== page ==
Mechanics and Construction > Mechanics and Construction

First non-kit robot

**gamefreak**:

Well i have started on the design of a robot just to see if i can go through with it. I have a basic stamp board of educattion made by Parallax. I also have 2 hitec continuous rotation servos. I plan to use these with my new design.

Now for velocity the site says: diamter*PI *rps

I know the torque of my motors is equal to 60 rpm when unloaded. So i am going to assume that the rpm will be roughly 30 to 40 when i construct the bot.

The wheels are going to be 3 inches in diamter so: 3*PI*2/3=6.283185307, what does this mean? 6 feet per second?

Also the torque is equal to 47 OZ-in, so 47/3= 15 2/3 multiply that by the RPS then my RMF = 10.444

so i need my RMF to be equal to or greater then my Mass times my Acceleration times 6.28/(2*PI).

Is all of this right? and how do i figure out ym acceleration?

So far i have a rough idea of my robot and here is its design so far(the drill hole is for my castor and the two side boxes are the servos):

**Zeol**:

The velocity of the robot will be in inches per second ( you have 3*PI inches/round * 2/3 rounds per second = 2*PI inches per second)

If one OZ is about 0.03 kg (what do i know, i'm european) and one kg is 10ish Newton then the torque is about 47*0.03*10 N-in = 14.1 N-in.

With one inch being 0.0254m the torque becomes 14.1*0.0254 Nm = 0.36Nm.

If you divide the torque by the diameter of your wheels (3*0.0254 m) you get the force each motor is pushing your robot with: 0.36/(3*0.0254) = 4.7 N. Since you have 2 motors, you double this number and get a total force of 9.4N. We then apply Newtons 2nd law:

F=m*a => a=F/m, in other words, divide 9.4 with the mass of your robot (in kg) and you will get the acceleration in m/s^2. Divide this by 0.0254 and you get it in inch per second square.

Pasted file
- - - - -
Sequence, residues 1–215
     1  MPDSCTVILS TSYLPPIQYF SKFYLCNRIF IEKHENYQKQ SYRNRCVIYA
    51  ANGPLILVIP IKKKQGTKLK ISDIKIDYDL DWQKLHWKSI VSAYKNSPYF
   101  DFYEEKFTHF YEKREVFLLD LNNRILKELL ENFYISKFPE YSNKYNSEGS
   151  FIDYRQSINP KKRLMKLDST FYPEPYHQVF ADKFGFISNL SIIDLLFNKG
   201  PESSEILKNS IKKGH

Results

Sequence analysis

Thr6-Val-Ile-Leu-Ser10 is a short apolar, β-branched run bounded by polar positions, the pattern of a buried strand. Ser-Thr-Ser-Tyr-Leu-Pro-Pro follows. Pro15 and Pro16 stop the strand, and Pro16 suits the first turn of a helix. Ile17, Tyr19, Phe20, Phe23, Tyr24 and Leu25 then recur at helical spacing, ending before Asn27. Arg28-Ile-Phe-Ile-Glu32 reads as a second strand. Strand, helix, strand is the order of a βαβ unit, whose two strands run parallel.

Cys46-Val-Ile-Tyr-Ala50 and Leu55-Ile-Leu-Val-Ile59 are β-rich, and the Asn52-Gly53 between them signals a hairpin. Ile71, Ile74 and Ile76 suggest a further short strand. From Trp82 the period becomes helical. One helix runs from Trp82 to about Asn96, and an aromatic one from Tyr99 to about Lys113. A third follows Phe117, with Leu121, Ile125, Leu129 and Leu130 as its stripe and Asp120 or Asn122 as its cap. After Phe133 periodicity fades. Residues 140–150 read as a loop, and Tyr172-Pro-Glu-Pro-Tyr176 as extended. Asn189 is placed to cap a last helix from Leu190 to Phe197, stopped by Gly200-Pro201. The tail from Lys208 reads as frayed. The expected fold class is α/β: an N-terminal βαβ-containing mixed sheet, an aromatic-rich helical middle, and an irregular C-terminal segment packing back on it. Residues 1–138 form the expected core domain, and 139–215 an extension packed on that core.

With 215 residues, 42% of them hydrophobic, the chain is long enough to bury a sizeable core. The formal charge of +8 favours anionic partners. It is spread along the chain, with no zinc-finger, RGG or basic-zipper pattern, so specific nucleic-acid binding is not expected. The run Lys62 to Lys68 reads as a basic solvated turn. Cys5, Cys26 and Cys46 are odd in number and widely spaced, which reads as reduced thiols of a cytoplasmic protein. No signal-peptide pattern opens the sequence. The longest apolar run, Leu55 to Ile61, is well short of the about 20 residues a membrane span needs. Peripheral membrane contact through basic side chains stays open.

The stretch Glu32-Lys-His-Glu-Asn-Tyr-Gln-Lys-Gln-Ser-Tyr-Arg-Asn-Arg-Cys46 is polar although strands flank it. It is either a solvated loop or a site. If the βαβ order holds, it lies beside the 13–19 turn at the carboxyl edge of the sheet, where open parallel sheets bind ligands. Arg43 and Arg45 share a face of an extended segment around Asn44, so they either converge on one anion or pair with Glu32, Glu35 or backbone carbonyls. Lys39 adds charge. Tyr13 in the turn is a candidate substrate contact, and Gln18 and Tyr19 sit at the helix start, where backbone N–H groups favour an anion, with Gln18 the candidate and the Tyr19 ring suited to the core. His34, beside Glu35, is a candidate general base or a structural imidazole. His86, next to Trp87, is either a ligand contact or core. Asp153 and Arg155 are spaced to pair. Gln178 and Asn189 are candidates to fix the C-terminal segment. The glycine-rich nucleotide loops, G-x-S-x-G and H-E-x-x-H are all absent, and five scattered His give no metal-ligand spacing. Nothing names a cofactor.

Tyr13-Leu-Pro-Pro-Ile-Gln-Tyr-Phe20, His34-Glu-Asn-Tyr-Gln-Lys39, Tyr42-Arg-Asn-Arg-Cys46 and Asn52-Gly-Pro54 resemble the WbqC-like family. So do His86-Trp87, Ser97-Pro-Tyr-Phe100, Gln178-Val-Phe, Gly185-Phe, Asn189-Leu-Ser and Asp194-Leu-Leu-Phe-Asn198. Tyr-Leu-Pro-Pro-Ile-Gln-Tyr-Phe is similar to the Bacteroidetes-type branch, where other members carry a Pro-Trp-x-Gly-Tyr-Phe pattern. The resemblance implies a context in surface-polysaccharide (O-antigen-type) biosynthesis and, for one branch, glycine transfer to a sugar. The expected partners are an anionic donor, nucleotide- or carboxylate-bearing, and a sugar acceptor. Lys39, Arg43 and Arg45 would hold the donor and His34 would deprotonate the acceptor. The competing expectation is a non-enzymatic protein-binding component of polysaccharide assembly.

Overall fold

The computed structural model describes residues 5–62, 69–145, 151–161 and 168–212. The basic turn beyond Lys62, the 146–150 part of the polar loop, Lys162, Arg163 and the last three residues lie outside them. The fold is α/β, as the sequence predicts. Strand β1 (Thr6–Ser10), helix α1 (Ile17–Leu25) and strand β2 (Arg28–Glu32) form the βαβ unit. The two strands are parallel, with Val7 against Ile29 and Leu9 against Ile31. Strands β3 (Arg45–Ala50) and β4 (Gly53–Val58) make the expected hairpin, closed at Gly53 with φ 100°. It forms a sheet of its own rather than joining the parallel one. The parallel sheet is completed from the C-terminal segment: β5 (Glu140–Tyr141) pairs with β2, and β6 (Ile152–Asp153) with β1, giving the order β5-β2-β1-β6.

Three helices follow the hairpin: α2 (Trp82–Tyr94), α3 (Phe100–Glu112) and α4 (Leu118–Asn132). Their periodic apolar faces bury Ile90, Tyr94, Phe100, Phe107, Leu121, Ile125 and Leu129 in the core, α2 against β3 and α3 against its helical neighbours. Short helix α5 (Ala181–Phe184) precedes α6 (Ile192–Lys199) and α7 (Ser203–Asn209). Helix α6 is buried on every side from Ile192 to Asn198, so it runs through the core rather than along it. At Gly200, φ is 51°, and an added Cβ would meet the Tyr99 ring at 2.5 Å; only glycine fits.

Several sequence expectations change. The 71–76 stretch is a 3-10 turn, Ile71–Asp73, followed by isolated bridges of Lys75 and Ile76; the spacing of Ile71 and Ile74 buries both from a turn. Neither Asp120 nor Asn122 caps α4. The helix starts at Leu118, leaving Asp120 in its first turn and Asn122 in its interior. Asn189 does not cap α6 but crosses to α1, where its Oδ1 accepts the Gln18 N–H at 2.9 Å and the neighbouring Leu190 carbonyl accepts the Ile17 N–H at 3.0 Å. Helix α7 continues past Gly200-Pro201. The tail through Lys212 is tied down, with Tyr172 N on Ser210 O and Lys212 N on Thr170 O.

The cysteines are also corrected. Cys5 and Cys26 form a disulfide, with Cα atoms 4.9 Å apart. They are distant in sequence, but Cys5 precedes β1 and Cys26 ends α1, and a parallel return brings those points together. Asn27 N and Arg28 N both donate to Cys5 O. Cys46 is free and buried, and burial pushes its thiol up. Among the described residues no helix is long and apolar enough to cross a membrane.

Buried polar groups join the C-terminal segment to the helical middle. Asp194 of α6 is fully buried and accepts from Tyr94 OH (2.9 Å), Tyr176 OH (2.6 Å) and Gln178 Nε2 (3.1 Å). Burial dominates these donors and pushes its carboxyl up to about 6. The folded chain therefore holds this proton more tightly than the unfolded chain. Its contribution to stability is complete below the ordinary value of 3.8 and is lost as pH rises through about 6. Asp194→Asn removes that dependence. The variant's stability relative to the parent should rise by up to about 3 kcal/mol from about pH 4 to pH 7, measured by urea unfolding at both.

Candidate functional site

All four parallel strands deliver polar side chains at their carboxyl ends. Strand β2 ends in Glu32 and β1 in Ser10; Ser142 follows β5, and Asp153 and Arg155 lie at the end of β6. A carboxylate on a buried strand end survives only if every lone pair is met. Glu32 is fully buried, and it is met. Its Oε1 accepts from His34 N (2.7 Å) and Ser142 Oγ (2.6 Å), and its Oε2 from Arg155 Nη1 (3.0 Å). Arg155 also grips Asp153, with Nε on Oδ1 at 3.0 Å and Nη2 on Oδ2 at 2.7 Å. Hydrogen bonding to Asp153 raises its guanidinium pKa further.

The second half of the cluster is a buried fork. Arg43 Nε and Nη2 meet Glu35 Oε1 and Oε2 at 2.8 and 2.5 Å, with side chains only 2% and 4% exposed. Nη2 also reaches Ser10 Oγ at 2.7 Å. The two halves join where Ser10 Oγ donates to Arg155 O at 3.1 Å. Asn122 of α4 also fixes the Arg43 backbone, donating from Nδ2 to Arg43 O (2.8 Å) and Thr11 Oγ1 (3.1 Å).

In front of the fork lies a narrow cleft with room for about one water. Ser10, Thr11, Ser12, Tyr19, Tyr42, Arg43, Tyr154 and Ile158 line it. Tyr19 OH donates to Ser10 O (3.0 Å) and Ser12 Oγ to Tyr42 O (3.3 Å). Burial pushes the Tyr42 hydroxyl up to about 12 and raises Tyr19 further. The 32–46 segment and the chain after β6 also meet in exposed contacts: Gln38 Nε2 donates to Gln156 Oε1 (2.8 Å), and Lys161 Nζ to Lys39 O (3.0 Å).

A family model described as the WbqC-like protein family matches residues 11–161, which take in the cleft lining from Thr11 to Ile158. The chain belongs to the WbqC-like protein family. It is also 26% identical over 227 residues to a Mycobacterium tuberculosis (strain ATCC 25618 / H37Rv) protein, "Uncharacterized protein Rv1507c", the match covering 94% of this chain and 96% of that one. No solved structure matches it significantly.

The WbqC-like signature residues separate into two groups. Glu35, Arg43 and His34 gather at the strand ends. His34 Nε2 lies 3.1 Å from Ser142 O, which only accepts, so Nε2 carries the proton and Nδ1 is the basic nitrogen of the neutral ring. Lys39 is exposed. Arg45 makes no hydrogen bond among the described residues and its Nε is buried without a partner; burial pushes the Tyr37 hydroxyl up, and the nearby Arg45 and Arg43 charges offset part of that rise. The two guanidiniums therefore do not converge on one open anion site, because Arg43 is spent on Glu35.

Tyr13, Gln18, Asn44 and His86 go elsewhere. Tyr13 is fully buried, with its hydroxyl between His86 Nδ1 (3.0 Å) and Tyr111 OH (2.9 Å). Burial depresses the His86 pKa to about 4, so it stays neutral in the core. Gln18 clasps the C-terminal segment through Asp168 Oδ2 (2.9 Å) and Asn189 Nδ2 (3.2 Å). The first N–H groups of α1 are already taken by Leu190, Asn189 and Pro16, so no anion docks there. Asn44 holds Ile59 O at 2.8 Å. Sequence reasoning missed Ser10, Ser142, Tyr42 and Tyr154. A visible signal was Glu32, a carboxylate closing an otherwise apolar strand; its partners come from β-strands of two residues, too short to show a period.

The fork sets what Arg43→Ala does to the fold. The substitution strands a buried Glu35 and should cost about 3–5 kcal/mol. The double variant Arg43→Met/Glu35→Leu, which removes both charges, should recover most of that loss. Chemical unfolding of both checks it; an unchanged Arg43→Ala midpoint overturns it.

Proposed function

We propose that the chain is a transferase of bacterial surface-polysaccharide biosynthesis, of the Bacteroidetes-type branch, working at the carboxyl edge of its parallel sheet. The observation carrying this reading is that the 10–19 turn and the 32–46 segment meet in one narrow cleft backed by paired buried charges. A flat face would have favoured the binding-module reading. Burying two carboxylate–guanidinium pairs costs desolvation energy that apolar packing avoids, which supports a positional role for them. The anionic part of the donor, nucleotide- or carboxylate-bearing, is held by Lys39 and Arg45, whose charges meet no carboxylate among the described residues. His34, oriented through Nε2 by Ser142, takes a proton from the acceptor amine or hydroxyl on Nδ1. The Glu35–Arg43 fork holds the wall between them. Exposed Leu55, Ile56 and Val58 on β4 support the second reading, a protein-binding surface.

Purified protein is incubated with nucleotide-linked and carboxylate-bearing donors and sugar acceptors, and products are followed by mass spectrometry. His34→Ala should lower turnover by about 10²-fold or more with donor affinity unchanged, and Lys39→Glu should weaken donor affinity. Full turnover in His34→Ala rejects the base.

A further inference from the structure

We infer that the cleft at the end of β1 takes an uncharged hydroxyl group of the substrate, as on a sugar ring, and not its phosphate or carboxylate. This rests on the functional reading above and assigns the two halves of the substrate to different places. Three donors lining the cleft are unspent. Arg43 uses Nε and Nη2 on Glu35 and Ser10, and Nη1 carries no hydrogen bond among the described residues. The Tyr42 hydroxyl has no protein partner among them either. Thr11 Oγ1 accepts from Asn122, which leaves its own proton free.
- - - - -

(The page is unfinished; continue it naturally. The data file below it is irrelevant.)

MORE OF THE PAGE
This is the maximum possible acceleration (with these parameters), and the actual acceleration will be reduced due to friction, variable motor torque and evil little gnomes.

Warning

Physics ws never my strong side, so feel free to verify/falsify. An sorry for using the Metric system.

**gamefreak**:

im confused ???

why did you chnage the OZ to Kg?

the page on dynamics said nothing about this sortof math and headaches involved.

**Zeol**:

Not to worry, the headache math will probably only give approximate results anyway, so i don't think you really need them to build the robot. It's just nice stuff if you want to impress teachers/non-roboticists/girls with all the hard work you can pretend to put into your really cool bot ;D At least you know that the velocity will be 6ish inches per second.

I changed OZ to Kg because i know what Kg is (I have to many of them) and not really what OZ is, unless theres a wizard there.

**Admin**:

For unit conversions, use google - just type '1 ounce in kg'. For example:

http://www.google.com/search?q=1+ounce+in+kg&ie=utf-8&oe=utf-8&rls=org.mozilla:en-US:official&client=firefox-a

As for calculations, yea they can be a pain and confusing. So I wrote up an excel sheet that does it for you:

http://www.societyofrobots.com/downloads/RMF_calculator.xls

Just make up and enter your desired specs of your robot in the first section. The second section will then calculate how powerful your motor needs to be to achieve those specs. For the third section, find motors you like online and enter in the torque and rps. If the RMF in the third section is greater than the calculated RMF in the second section, then you can use that motor.

--- Quote ---headache math will probably only give approximate results anyway, so i don't think you really need them to build the robot. It's just nice stuff if you want to impress teachers/non-roboticists/girls with all the hard work you can pretend to put into your really cool bot

--- End quote ---

For small cheap robots that use servos, you dont really need to do any calculations. But what if you were going to spend say $300 on motors, wouldnt you like to know they would actually work on your robot first (as opposed to guessing and wasting that money)? :P

Calculations let you optimize for peak performance, instead of using guess work and 10x the amount of time in tweaking and redoing components. You can actually know how well your robot will perform before its even built! :P

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